We plan to conduct a pilot by the end of 2022 and start regular marketing by the end of 2023. Right now, the product is tasty, but it still does not meet our standards for marketing. Nutritionally, we are satisfied, but we want to make further improvements in appearance and flavor. In addition, the machine we are building does not yet reach our envisaged production rate, which is 20 kilograms of salmon per hour. The official launch will take place in the US, in very fine restaurants of well-known chefs. We will dedicate the first two years for restaurant adventures and then start marketing to private consumers, too.
How much transparency will end users have about the ingredients used in the product, and about its environmental footprint? Is your product necessarily more sustainable than imported salmon?
We must understand the kind of industry we are competing with. Most of the fresh salmon you buy at the supermarket was fished abroad a few days earlier and then shipped. You need to consider the amount of energy it took to bring it to the plate. The frequency of Norway-Israel flights is greater for salmon than for people. It is an unbelievably polluting industry. In addition, most salmon do not grow in their natural habitat, and as a result they are exposed to disease, treated with antibiotics, and swim in their own feces. This is not a happy environment for fish. All this happens so that we have something yummy to eat. The consumers of our product will enjoy a yummy flavor, in addition to proteins and Omega 3 just like in fish. It almost doesn’t matter what ingredients we use — we will be more sustainable than the salmon industry.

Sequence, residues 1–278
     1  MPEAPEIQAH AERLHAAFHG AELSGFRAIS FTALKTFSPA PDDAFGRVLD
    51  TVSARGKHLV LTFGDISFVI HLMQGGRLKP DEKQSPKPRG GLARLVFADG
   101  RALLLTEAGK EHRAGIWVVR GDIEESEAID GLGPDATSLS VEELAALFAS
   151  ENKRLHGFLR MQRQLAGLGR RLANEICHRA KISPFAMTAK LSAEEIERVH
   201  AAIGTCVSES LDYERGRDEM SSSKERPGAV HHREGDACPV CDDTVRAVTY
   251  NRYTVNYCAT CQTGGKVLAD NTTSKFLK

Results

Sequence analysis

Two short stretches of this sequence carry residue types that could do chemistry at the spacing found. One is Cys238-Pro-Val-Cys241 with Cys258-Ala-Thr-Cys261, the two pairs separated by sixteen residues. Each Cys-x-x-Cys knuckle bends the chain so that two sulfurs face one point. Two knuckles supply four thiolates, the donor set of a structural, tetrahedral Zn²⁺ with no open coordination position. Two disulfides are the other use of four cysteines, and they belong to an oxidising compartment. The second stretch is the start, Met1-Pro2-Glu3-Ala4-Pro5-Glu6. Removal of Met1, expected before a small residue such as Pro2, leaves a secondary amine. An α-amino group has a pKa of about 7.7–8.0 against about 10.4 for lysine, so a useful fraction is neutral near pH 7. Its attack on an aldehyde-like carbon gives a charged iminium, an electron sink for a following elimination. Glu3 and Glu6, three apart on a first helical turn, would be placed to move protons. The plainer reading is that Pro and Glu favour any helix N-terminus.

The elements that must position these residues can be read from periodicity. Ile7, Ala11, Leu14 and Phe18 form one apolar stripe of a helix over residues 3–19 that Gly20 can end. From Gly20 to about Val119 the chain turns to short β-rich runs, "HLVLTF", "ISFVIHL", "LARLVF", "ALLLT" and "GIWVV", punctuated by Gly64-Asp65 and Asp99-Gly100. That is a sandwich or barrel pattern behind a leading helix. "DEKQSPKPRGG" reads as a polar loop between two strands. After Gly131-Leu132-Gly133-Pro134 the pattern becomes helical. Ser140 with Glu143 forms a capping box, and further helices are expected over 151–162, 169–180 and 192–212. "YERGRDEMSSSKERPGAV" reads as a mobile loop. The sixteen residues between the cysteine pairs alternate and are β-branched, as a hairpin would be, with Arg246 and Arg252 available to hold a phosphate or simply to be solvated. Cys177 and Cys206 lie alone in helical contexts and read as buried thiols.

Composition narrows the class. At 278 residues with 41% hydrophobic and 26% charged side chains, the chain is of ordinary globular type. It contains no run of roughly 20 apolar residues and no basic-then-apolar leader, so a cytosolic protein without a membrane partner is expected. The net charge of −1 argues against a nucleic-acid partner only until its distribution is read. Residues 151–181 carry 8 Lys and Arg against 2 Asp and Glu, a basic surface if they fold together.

When compared to wild salmon fishing, that gap is smaller — but it’s choosing between an ocean with and without fish. Clearly, our product is more sustainable than shipping fish over large distances and emptying our oceans. Still, we do not see the fishing industry as enemies, but rather as partners. We want to establish collaborations in both manufacturing and marketing. As surprising as it may sound, they, too, wish for a better future.
But what will such a collaboration look like?
It can have several forms. We can place our machines in existing factories, such as fish processing factories, so they can market our products to restaurants alongside theirs. They have tremendous distribution and shipping capabilities. They can help us expand our reach. In addition, they and their customers (many of whom are chefs) can give us feedback and help us improve our product.
This interview has been edited for clarity. Devra Ferst contributed research to this article.